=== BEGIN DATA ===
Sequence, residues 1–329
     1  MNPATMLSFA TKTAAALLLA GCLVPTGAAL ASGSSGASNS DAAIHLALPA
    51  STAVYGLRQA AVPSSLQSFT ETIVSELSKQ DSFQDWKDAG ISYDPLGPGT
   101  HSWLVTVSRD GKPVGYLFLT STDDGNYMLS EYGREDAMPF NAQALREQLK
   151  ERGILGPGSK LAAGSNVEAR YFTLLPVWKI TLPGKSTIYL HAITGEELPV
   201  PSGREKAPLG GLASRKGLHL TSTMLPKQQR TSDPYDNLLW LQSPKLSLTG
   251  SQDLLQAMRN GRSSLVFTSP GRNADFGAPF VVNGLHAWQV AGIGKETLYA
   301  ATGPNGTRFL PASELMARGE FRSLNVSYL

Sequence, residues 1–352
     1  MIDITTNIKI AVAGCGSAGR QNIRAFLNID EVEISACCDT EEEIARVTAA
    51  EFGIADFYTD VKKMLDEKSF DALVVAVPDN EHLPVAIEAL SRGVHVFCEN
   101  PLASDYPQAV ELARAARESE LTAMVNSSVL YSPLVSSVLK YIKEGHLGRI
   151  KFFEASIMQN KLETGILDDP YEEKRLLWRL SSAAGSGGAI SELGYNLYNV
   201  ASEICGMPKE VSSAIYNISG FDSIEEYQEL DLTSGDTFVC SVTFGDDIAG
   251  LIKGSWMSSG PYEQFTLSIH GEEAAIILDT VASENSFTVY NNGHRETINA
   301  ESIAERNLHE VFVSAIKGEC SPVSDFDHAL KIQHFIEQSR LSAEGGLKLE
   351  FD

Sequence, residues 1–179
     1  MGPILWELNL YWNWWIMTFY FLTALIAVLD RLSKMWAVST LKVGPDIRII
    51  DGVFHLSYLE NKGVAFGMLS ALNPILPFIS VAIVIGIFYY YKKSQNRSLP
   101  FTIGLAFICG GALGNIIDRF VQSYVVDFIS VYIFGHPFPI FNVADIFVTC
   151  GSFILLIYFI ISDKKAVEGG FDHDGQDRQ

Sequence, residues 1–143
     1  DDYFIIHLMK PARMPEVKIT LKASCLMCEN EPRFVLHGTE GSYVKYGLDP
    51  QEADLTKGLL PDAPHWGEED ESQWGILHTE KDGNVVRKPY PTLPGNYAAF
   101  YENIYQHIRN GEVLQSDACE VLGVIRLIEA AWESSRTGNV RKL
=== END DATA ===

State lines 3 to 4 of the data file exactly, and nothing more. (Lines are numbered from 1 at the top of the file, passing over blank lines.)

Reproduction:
    51  STAVYGLRQA AVPSSLQSFT ETIVSELSKQ DSFQDWKDAG ISYDPLGPGT
   101  HSWLVTVSRD GKPVGYLFLT STDDGNYMLS EYGREDAMPF NAQALREQLK